article | 14 May 2020

New EU rules on origin labelling of food improve consumer protection

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On 1 April 2020, new EU rules on how and when a foodstuff must be labelled with the origin of the primary ingredient(s) took effect. The purpose of the new rules is to prevent companies from presenting food in a way implying that a product originates from a specific country/region while the product’s primary ingredient(s) has a different origin.

The new rules
Misleading information about the origin of a product is prohibited under Swedish marketing law. The new rules clarifies what constitutes misleading origin labelling of food. The rules come under what is known as lex specialis in relation to the Swedish Marketing Practices Act (2008:486). This means that the new rules prevail over the more general provisions of the Marketing Practice Act.

A need to supplement the general regulation on misleading marketing with specific provisions on food information for consumers has been identified at EU level. This has led to the European Parliament and the European Council’s adoption of regulation no. 1169/2011 of 25 October 2011 on the provision of food information for consumers (Food Information Regulation).

The Food Information Regulation contains provisions on when an indication of the country of origin or of the place of provenance of the product’s primary ingredient should be provided (Article 26.3 of the Food Information Regulation).

The application of this rule is subject to adoption of implementing acts by the EU, which was laid down through the European Commission’s implementing regulation no. 2018/775 of 28 May 2018 (Implementation Act). The Implementation Act applies from 1 April 2020. The European Commission has now published questions and answers for guidance on how to apply the new rules.

What do the new provisions mean?
There is a difference between the origin of the food and the origin of the ‘primary ingredient’.

There are two different ways to determine what constitutes the primary ingredient of food. The first is a quantitative criterion, according to which the primary ingredient is an ingredient or ingredients of a food representing more than 50% of the food. The second is a qualitative criterion, according to which the primary ingredient is the ingredient which is usually associated with the name of the food by consumers (Article 2 (2) (q) of the Food Information Regulation).

If the origin of the food is not the same as the origin of the primary ingredient, the origin of the primary ingredient must also be given. Alternatively, the origin of the primary ingredient must be indicated as being different to that of the food, for example by writing “[The name of the primary ingredient] does not originate from [the country of origin or place of provenance of the food]” (Article 26 (3) of the Food Information Regulation).

For instance, if a yoghurt is marketed as originating from country X but is made with milk from country Y, this should be indicated on the packaging. Information about the origin of the food and the origin of the primary ingredient (the milk) must be clear and appear in proximity to each other.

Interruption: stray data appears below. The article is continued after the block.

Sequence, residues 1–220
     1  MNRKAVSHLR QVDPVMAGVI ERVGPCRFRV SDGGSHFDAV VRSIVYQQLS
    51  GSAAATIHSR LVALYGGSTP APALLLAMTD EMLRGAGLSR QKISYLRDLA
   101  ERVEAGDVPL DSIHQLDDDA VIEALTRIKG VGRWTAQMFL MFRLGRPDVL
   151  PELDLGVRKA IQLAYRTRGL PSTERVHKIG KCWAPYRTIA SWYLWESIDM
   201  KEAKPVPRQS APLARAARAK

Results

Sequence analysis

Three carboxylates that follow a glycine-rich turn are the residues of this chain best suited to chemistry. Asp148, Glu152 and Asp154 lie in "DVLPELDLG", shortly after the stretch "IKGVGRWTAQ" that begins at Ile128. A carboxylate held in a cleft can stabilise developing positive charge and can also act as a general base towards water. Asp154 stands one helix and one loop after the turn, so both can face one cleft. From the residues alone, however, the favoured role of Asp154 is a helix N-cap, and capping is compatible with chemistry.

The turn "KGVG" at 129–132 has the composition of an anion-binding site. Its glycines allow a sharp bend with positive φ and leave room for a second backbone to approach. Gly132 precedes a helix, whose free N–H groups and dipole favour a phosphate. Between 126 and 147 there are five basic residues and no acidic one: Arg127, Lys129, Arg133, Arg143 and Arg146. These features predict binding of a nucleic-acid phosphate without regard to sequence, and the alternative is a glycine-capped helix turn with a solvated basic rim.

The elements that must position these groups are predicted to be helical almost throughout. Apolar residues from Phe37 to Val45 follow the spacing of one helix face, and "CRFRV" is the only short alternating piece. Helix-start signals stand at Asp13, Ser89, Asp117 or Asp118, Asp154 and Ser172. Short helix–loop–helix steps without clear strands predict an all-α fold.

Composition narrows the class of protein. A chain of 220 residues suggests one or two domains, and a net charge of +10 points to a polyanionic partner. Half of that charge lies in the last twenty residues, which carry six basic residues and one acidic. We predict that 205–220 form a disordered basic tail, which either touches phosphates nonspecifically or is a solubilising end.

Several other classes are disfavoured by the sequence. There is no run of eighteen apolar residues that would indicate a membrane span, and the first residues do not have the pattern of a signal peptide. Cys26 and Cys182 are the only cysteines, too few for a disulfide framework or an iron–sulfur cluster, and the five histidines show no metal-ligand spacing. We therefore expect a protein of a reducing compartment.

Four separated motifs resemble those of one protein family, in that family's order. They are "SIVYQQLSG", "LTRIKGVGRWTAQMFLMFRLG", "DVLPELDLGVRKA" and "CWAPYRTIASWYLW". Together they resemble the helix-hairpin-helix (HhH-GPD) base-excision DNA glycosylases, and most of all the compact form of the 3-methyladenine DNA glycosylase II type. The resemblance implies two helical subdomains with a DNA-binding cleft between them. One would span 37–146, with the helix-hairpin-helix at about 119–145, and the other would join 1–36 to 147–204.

The rules are applicable if the origin of the food is indicated through statements, terms, images, symbols or concepts that refer to a place or a geographical area. This likely includes visible flags, maps referring to a particular geographical area or known national monuments, landscapes or people.

The overall objective of the rules is to ensure consumers are not confused about the origin of the food. How the labelling is perceived by the consumer is therefore crucial to assessing whether or not the labelling of the food contains information about the origin of the food. Packaging of food with an overall design indicating that the product has a certain origin (even if not explicitly stated in the text on the packaging) must therefore include clear information that the primary ingredient(s) has a different origin if that is the case.

Exception to the main rule
The rules exclude customary and generic names, including geographic terms that indicate origin but whose common understanding is not an indication of origin or provenance of the food, such as Frankfurter sausages. The assessment of whether a geographic term is perceived as a customary/generic name will be decided on a case-by-case basis. This is because the name may be understood differently in different member states. Thus, a particular term may be perceived as a customary/generic name in one country and as an indication of origin in another.

It is worth mentioning that, pending the adoption of specific rules, the Implementation Act does not apply to geographical indications protected under EU law and registered trademarks. A food bearing such a protected geographical indication/registered trademark may, however, be subject to the new rules if the food is labelled with other visual information referring to the same or other geographical areas. Since it is not possible to register trademarks that only consist of the origin of the product, there should be relatively few examples of registered trademarks that are temporarily excluded from the new regulations.

Conclusion
The new provisions help to further harmonise the rules on how food should be labelled in the EU, while also taking account of any differences between countries in how consumers may understand a specific type of labelling. 

Setterwalls continually assists clients operating in strictly regulated industries, and we often work in the crossover between regulatory law and market law. We will be happy to assist you with an assessment of what applies for your own or your competitors’ labelling. If you have any questions regarding marketing or related matters, please do not hesitate to contact us.

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